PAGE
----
By Sridhar R.
India is currently the third largest startup ecosystem in the world, with over 100 unicorns and over 80,000 startups recognized nationwide by the Department of Industry and Internal Trade Promotion (DPIIT). The sector has seen a steady rise in SaaS-based companies, GCC, and several tech startups including AI, robotics, space tech, fintech, and more.
Despite a slowdown in fundraising, PE/VC funds have completed 1,130 startup deals in 2022, according to Venture Intelligence. Older companies can be seen as contributing significantly to the competitiveness of the Indian market. There is a ton of dry his powder available to support the Indian startup ecosystem and trigger a takeover deal or his potential 2023 IPO.
That said, the country should continue its quest to promote the startup environment and encourage PE/VC funding to the startup ecosystem. played a very important role in shaping
Allocation of Rs 283.5 Million for Startup India Seed Fund Scheme Rs. 1,000 kroner for Fund of Funds for Startups, facilitating the creation of a fund for AgriTech startups through NABARD, facilitating new-age companies by promoting Drone-as-a-Service, expert committee to oversee the mobilization of funds The Association of Venture Capitalists and Private Equity Startups was part of an initiative that gave the startup sector a good boost.
There is so much more that can be done to build a startup ecosystem and harness the power of technology and digital to realize the vision of a $5 trillion economy.
Last year’s announcement on tax incentives and relief limited the long-term capital gains (LTCG) surcharge on all assets to 15% and extended the formation period for eligible start-ups for tax incentives. Goodwill was shown, such as extending it by one year. On promoting a good startup environment. We hope that this year’s budget will continue to focus on the startup environment.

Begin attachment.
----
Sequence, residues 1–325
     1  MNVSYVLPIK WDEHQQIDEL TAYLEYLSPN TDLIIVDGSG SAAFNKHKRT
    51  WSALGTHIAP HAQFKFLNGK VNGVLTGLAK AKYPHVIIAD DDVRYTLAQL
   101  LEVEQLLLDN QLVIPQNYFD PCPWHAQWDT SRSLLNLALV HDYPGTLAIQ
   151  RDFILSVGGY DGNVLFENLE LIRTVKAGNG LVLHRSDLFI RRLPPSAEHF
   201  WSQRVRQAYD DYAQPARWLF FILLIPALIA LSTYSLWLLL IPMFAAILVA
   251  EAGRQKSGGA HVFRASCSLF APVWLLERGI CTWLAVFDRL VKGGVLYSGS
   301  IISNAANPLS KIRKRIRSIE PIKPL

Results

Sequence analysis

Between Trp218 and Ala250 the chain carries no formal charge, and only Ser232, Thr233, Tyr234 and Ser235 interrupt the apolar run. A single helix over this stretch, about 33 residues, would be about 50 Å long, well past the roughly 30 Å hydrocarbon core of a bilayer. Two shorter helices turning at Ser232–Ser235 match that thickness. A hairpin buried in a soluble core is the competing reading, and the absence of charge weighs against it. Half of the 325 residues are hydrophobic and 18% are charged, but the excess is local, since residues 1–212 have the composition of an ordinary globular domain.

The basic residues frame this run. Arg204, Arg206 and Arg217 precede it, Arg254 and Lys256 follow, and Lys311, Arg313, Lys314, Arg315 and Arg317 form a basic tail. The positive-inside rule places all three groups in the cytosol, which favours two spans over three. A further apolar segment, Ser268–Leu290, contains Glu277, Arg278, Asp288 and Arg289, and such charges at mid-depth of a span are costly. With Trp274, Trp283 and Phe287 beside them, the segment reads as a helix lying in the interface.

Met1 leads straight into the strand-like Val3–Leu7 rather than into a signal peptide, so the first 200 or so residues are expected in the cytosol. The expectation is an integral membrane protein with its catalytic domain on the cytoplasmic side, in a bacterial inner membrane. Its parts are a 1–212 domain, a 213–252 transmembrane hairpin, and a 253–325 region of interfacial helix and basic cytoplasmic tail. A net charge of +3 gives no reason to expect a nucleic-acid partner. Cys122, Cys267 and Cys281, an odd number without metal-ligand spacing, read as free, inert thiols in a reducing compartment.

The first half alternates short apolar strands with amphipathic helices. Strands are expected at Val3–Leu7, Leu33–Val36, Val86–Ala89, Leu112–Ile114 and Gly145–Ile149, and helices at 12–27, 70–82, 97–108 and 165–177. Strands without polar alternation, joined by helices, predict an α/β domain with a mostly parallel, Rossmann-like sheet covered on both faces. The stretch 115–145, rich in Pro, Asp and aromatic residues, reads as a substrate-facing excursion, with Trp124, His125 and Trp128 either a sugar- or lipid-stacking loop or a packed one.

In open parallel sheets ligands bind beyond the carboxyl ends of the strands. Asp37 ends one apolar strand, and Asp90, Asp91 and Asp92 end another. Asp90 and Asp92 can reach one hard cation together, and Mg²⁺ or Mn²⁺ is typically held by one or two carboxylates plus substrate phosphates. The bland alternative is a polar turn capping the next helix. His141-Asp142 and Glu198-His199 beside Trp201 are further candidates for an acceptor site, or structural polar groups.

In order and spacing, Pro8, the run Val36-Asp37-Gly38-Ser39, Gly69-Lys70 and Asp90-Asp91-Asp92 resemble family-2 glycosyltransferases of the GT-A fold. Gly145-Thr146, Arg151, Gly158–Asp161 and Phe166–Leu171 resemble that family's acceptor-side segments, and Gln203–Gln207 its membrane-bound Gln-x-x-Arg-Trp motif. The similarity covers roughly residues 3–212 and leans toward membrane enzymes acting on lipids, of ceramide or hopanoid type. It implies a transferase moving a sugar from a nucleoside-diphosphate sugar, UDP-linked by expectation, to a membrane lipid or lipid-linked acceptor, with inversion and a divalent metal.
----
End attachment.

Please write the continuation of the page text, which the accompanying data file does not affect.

To better understand what to expect from Federal Budget 2023, Grant Thornton Bharat conducted a survey of the technology and startup sectors. The survey showed that ease of doing business is the most difficult issue facing startups. Primarily, the need for a single-window clearing mechanism dominated the concerns, followed by clarifications on overseas listing regulations and long-term capital gains (LTCG) tax treatment and tax parity. Last but not least, a capital gains tax exemption for startup investors is desired.
Some of the recommendations are detailed below.
First, we need a single-point approval mechanism through which startups can claim tax and regulatory incentives. Currently (a) recognized by the DPIIT as a start-up company (using a set of eligibility criteria) and (b) subsequently applying individually to tax offices to claim tax incentives such as income tax deferment or income tax exemption requires a series of separate applications. Exemption from angel tax (i.e. company tax on the premium received to issue shares). These exemptions must be claimed separately and have distinct conditions that must be monitored separately, complicating the regime. A single point of contact clearance with a common set of conditions can help companies save a lot of time and effort on compliance and make the benefits more meaningful. This wish list includes issues such as claiming tax deferred benefits for employees of startups issuing shares under the ESOP scheme. This exemption has several limitations and conditions, making it impractical for startups and their employees to make such claims. This situation also applies to certain benefits provided under the Companies Act, such as the issuance of convertible bonds. All in all, it’s a complex system to follow.